RenoTransformation: Week 6 – Lessons Learnt Part 1

We are now in the second month of the RenoTransformation. Despite the labour shortages, approval delays, shipping issues, we seem to be making good progress.

One of the bathrooms is coming along well

At the beginning of the year, almost two months before the work started, I drafted a list of guiding principles for the project. This is a habit from my former life as a business consultant. When we have a clear set of principles to guide the design, decision making becomes easy. When there is a conflict (and there will be conflict), referring back to the principles removes the emotion from the equation and you can make a sound decision. Furthermore, the decisions are consistent because they are all based on the same set of principles.

Here are some of the principles I wrote down in January:

1. Timeless design – will I like it 2,5,10 years time?

2. Longevity – use good quality materials that will not need to be fixed or replaced often.

3. Modern traditional design – my husband and I took online quizzes to help us identify our design style. We then spent a good amount of time on Pinterest looking at photos of different rooms organised by design type to confirm that what the quiz told us and what our eyes found pleasant were one and the same.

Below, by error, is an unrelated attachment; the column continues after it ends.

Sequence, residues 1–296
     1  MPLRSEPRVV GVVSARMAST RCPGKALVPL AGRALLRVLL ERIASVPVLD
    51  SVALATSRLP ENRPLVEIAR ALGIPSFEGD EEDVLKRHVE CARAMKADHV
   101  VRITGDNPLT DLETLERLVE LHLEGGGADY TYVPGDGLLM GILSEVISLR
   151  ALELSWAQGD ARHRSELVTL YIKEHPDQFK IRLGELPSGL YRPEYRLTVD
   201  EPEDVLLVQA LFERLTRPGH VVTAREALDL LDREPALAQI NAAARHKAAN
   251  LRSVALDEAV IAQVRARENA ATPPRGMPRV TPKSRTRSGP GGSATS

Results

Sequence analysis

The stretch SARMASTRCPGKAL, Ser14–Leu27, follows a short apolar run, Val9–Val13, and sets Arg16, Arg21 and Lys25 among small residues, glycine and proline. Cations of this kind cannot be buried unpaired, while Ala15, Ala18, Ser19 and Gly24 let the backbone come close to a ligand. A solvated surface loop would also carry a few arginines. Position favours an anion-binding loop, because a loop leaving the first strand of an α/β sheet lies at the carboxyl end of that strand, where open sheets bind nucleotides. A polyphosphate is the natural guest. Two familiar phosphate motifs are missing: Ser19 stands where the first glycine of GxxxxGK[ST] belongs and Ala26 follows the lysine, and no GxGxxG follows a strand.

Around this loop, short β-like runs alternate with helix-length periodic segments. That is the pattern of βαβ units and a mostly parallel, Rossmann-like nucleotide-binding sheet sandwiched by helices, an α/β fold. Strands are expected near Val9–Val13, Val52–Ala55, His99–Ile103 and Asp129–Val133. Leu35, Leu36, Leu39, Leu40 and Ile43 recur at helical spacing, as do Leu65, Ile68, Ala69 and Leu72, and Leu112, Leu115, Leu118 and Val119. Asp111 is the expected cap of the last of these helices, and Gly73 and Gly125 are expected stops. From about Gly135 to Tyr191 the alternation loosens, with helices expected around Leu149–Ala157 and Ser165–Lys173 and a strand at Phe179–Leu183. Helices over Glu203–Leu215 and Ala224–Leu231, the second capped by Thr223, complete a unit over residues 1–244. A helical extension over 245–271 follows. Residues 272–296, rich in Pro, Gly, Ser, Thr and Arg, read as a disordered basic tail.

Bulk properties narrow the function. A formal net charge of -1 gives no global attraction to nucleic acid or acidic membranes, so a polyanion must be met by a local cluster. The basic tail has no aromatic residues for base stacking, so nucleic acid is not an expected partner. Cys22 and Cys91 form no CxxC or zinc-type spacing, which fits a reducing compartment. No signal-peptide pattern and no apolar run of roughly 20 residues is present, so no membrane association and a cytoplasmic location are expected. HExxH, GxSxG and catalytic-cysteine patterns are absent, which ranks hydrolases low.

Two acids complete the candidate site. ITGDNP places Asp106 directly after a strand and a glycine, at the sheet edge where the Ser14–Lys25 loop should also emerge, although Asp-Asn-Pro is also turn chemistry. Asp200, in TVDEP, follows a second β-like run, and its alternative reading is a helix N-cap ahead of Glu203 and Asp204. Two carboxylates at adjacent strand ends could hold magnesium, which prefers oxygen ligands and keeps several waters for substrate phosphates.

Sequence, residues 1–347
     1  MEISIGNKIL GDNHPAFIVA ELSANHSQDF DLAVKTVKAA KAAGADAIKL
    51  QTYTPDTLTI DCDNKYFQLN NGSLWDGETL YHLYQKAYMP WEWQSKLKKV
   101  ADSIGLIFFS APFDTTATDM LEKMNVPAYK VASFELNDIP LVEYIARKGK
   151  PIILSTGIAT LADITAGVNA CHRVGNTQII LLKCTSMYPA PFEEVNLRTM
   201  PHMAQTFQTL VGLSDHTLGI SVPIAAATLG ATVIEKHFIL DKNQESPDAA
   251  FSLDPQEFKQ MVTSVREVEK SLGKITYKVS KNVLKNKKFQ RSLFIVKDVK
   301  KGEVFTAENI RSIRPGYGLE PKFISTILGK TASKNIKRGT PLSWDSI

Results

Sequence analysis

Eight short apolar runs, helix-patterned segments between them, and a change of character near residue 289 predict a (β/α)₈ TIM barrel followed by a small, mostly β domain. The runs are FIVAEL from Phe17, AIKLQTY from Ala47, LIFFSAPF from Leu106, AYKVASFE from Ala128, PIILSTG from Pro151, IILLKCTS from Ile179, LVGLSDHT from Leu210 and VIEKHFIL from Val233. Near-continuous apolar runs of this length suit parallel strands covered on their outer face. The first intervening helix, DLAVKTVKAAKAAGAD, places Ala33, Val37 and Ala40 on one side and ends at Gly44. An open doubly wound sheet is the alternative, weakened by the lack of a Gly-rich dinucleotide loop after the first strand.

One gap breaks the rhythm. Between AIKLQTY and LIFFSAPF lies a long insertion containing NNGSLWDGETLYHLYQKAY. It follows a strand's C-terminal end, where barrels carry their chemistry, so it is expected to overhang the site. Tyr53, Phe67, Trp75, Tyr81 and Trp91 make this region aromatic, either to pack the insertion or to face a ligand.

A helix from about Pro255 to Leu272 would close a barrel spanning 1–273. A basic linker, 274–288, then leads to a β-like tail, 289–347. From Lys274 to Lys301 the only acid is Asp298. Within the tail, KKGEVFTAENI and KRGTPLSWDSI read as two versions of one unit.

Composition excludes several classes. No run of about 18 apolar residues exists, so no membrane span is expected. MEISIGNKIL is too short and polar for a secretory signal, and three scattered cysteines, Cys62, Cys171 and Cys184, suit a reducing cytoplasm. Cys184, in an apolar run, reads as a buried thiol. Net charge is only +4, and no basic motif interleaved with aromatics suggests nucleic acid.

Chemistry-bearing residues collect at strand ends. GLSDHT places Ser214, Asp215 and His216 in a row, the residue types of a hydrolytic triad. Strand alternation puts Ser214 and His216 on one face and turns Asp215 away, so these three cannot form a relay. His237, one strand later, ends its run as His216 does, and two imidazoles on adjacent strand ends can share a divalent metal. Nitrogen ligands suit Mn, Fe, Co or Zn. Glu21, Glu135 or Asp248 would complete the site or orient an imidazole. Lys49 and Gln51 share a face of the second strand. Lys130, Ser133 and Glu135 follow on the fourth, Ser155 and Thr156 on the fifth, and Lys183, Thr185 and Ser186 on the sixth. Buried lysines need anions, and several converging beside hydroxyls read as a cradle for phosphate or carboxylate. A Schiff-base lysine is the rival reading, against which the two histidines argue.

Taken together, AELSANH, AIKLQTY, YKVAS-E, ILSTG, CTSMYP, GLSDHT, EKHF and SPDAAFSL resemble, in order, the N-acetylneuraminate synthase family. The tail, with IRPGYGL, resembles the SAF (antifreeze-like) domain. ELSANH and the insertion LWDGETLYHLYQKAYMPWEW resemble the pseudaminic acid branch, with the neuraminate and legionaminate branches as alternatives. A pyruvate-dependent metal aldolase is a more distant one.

4. A place for everything and everything in its place – I first learnt this principle in a business school class on Japanese Management philosophies and techniques. The principle may have originated on the floor of a Japanese automobile factory but it is very crucial for a well-organised, clutter-free home.

5. Function is important, but the design doesn’t have to be ugly. Also, let’s not have pretty things that don’t perform any function or worse, impede function. E.g. I don’t need LED light strips that look pretty but don’t illuminate. I can use textiles, art, plants, and other decor objects to bring the pretty.

Is there an easy, safe way to bring down the top bicycle? Every day?

6. Design and choice materials must be suitable for Singapore’s hot, humid, and rainy climate. We know there are some things we just can’t have. E.g. I can’t have statement chandeliers over the dining table or in the centre of the living room because a ceiling fan is more important.

I’m so glad we’ve had these principles to guide our transformation journey. I totally underestimated the emotional aspect of the journey. I totally underestimated how difficult it would be to stick to the overall vision and the guiding principles for the house.

Yesterday I spent the morning at Hock Siong, my favourite second-hand furniture store in Singapore. I saw this totally gorgeous 3-seater wooden sofa with mother of pearl inlay work. It was so beautiful and I was so tempted. I stood there for a few minutes, mentally rearranging the furniture to check if we had space. Equally tempting were the vintage cabinets and carved wooden frames. But as beautiful as the objects were, they didn’t meet our needs or aesthetic. So I returned home empty-handed.

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